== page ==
1. Sheila, that’s what I need in my office – a pool table! I have this desire to take a cross country road trip to see the houses of all the great writers. This one is definitely on my list.

  3. Well, the most famous author from my home town is me, which should tell you the size of my hometown….I will claim Kate Chopin as the most famous author from my home area, and she has been a great influence on my work. Like F. Scott Fitzgerald–another of my favorite authors–she knew how to use the small space of a short story with beauty and efficiency. I was fortunate to have a high school teacher who loved Fitzgerald, so I read him when I was young. Babylon Revisited might be my favorite short story.

    1. I do love Fitzgerald, but it’s really Zelda I’m most interested in. I think she had great influence on his writing and, if rumors are to be taken seriously, contributed to his work in more ways than just support.

  4. Love this post, Kim! (Always look forward to seeing the detective’s hat on my screen.) Salem, MA is my home city so of course, I’ll claim Nathaniel Hawthorne.

  5. LOve this post, KIM! (I always look forward to seeing the detective’s hat pop up on my screen.) My home city is Salem, MA so of course, I’m claiming Nathaniel Hawthorne.

  6. Hi Kim–Right now I’m in Key West, where I’ll offer Hemingway, Tennessee Williams, Wallace Stevens, Robert Frost, Elizabeth Bishop, Shel Silverstein, Thomas McGuane, and currently, Judy Blume.

  7. Hi Kim:

    What a great post!

    I thought I knew a lot about Dorothy Parker, but I hadn’t heard about “Pardon My Dust.” Her final epigram was one of her best.

    Sacramento has two very famous literary lights. Mark Twain famously was a reporter for The Sacramento Union when he wrote “The Celebrated Jumping Frog of Calaveras County”. And, of course, Joan Didion grew up in Sacramento.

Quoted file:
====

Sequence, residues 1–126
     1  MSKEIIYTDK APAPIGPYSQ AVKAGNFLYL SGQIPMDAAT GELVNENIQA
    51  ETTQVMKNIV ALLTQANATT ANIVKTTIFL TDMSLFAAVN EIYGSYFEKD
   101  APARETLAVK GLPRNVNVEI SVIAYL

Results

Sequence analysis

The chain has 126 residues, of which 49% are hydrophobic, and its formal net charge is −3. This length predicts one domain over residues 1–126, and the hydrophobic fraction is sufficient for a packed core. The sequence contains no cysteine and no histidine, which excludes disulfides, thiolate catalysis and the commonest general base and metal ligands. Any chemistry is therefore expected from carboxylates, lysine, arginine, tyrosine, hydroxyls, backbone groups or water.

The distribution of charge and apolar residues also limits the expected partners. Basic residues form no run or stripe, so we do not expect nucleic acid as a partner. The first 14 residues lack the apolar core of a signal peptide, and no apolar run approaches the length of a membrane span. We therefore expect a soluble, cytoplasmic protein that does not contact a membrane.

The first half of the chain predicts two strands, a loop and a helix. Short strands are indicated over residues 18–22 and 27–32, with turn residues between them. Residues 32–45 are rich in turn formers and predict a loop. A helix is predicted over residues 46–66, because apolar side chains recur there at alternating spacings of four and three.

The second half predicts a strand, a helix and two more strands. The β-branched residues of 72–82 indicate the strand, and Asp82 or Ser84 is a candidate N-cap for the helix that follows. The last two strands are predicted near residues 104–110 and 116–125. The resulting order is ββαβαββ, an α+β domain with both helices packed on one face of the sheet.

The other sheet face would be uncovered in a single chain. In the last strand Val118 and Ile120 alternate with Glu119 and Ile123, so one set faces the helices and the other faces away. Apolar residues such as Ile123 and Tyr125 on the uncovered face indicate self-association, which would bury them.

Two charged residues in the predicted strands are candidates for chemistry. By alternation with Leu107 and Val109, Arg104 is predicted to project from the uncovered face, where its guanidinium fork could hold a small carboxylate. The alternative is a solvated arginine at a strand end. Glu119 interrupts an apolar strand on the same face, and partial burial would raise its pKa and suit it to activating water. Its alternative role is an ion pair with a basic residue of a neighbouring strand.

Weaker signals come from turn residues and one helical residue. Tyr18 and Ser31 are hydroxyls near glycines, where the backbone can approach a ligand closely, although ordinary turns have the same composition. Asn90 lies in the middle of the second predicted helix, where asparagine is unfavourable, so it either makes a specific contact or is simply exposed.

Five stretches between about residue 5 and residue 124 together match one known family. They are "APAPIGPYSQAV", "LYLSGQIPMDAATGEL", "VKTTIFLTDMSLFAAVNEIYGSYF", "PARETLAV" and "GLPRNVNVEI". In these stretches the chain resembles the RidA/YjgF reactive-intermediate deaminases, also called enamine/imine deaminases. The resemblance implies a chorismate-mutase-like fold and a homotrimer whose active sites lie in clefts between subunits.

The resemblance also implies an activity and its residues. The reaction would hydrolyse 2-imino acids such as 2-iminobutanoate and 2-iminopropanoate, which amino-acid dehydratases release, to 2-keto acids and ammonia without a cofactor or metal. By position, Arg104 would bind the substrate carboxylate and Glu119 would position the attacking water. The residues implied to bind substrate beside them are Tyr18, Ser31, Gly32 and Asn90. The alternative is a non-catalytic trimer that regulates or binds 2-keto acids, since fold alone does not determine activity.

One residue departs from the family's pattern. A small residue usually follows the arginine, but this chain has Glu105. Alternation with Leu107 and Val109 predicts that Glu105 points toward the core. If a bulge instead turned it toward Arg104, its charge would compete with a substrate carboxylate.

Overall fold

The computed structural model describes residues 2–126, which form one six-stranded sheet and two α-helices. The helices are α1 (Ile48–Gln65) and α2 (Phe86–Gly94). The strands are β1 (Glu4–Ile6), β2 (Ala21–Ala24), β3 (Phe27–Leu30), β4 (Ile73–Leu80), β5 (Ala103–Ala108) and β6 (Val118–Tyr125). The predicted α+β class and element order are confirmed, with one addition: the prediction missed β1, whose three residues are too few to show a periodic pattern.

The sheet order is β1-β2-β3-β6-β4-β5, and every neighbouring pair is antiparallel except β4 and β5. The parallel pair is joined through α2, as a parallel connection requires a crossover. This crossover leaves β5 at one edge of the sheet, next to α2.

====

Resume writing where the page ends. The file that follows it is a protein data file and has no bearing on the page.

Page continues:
There are probably others, but I’m not aware of them.

    1. I just went and Googled “Sacramento Authors” and found a list of 55 people on Wikipedia. I even know two of them personally, and consider one a very dear friend. Isn’t it odd how things that should be right at our fingertips vanish when we work at listing them.

      In any event, here are a few of the better known ones from the Wikipedia list (presented alphabetically:

      Dustin Lance Black
      Herb Caen
      Biba Caggiano
      Greta Gerwig
      Nicholas Sparks
      Lincoln Steffans
      Cornel West

      Who knew? Clearly not moi.

  8. Always love your blogs, Kim. Fort Wayne, Indiana boasts of a lot of famous people, but Wikipedia doesn’t list any authors I’m familiar with. I’ll just continue to read the Wicked’s and the writers they recommend.

    1. I am an aspiring author as SinC calls me, or a Guppy, as others like to call me, and I am from Ft. WAYNE, IN. We have to meet. My mother was a journalist on both newspapers at different times.

      1. Congrats on taking on the big job of becoming an author. I don’t have it in my to take the rejections. Then again, at my age, I’ve have more than my share, and I’m relaxing on my laurels for all my successes. I haven’t been back to Fort Wayne since 2001 not long after my mother died. I have no reason to go back. I never liked it when I lived there and haven’t changed my mind about it. Sorry. I’ve never written for a newspaper, but my husband and I owned a radio station for 14 years in Pennsylvania, so I’m very familiar with the media. Good luck!